Engineers have stepped the camera game up to a new level with a brand new camera that is capable of not only taking one trillion images a second, but also capturing objects that are transparent.
Caltech's Lihong Wang developed the world's fastest camera, this device was capable of taking ten trillion images a second. While that might sound incredibly impressive, which it is, that camera did have limitations. Now, Wang has invented a new camera that has a slower speed (one trillion images per second), but can also capture images of transparent objects. This new camera combines the technology of the first camera mentioned (ten trillion images per second) with some older technology called phase-contrast microscopy.
Wang calls this combination of technology "phase-sensitive compressed ultrafast photography (pCUP)". Phase-contrast microscopy is quite old, in fact, its one-hundred years old and was created by Dutch physicist Frits Zernike to observe transparent materials. The method observes light waves that are slowing down as they are entering various materials. An example of this would be if a beam of light was shot into a plane of glass, the light would slow down upon impact of the glass and then speed back up once it has exited it.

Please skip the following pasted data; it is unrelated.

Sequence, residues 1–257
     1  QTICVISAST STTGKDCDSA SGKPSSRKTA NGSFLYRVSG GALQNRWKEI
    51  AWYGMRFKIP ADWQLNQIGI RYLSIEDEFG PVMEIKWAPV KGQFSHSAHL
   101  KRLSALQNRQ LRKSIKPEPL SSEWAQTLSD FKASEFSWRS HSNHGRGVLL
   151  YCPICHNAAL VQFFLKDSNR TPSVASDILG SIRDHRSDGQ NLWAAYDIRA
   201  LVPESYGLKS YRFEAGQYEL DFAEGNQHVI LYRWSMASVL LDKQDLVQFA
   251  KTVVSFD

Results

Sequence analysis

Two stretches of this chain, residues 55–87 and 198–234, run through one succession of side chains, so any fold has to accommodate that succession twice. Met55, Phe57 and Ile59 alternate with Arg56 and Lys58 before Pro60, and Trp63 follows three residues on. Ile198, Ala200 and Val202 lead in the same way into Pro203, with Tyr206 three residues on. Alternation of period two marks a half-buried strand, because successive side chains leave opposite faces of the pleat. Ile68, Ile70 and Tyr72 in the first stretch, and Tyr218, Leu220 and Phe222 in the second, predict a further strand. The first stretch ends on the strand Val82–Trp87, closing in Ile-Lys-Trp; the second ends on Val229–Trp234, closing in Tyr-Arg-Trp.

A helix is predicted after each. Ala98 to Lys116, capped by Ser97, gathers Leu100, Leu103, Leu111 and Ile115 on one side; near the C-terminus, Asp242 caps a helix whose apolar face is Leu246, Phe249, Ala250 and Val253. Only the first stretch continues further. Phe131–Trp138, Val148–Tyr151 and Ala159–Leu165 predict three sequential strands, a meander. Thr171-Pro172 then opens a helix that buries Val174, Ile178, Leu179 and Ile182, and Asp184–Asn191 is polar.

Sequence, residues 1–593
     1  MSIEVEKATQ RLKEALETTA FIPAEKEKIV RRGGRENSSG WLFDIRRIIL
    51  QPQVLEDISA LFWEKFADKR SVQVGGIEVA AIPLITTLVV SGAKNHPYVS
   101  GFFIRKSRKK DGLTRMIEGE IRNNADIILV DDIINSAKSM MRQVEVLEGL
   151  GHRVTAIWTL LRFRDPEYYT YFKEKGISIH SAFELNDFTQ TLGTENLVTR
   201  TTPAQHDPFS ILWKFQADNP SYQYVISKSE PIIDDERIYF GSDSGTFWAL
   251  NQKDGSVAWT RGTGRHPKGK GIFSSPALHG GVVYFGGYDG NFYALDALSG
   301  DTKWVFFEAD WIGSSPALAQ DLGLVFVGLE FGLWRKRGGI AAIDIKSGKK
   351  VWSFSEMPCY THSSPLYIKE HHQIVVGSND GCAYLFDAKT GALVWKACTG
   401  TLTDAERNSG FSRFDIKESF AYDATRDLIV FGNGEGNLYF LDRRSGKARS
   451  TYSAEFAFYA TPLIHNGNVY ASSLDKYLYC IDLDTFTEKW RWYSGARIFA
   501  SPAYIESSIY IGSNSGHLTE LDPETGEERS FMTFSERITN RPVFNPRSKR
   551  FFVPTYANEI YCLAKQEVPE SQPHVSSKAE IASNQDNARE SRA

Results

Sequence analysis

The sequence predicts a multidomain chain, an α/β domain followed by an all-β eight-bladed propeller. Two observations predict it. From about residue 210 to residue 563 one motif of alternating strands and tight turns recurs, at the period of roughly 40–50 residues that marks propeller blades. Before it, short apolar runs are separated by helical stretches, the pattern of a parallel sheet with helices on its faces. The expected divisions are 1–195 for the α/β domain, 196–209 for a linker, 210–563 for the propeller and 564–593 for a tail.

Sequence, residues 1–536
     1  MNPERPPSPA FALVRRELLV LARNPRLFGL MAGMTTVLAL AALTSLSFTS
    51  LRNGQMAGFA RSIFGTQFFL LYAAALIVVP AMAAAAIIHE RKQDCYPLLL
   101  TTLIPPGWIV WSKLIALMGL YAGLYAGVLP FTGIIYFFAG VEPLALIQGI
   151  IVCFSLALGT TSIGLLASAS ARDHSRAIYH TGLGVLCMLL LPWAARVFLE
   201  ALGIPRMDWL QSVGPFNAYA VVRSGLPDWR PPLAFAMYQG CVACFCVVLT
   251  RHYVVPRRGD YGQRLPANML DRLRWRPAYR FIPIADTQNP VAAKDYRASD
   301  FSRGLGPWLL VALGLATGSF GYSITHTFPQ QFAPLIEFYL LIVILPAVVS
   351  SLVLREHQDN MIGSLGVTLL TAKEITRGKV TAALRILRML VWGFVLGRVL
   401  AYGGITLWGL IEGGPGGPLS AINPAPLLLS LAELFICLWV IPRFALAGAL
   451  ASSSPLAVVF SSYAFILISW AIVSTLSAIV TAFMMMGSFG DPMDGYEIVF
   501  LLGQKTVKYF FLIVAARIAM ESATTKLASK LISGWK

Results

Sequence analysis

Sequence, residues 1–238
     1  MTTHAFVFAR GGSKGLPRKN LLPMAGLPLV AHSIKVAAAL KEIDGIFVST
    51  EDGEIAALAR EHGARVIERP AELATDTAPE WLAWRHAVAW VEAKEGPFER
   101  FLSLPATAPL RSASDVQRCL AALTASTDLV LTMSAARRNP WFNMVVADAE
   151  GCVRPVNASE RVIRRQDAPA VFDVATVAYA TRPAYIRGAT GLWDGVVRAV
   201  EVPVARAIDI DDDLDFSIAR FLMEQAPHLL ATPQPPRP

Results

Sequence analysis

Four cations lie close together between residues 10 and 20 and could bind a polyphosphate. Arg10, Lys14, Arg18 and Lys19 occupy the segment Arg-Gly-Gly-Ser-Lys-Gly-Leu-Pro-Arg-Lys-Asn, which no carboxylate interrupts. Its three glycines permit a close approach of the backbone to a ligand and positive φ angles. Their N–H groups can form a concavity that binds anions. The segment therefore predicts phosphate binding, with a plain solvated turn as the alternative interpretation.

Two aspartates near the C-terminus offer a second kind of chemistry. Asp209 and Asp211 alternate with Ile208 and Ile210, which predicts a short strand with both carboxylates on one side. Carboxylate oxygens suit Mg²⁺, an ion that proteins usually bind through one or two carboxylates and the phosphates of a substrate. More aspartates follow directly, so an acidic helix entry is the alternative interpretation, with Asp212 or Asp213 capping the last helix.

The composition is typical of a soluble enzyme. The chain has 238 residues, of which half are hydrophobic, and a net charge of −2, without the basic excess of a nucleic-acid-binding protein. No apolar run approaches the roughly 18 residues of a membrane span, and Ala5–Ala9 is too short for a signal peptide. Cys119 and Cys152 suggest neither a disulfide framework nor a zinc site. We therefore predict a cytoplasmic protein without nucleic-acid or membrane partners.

Since the light is changing speed, an altercation in waves occurs, allowing for observers to distinguish which light has entered and exited the glass and which has not. This method is also used for cell, shockwave, and even neuron observation.
Wang says, "As signals travel through neurons, there is a minute dilation of nerve fibers that we hope to see. If we have a network of neurons, maybe we can see their communication in real-time."
He also said, "What we've done is to adapt standard phase-contrast microscopy so that it provides very fast imaging, which allows us to image ultrafast phenomena in transparent materials".
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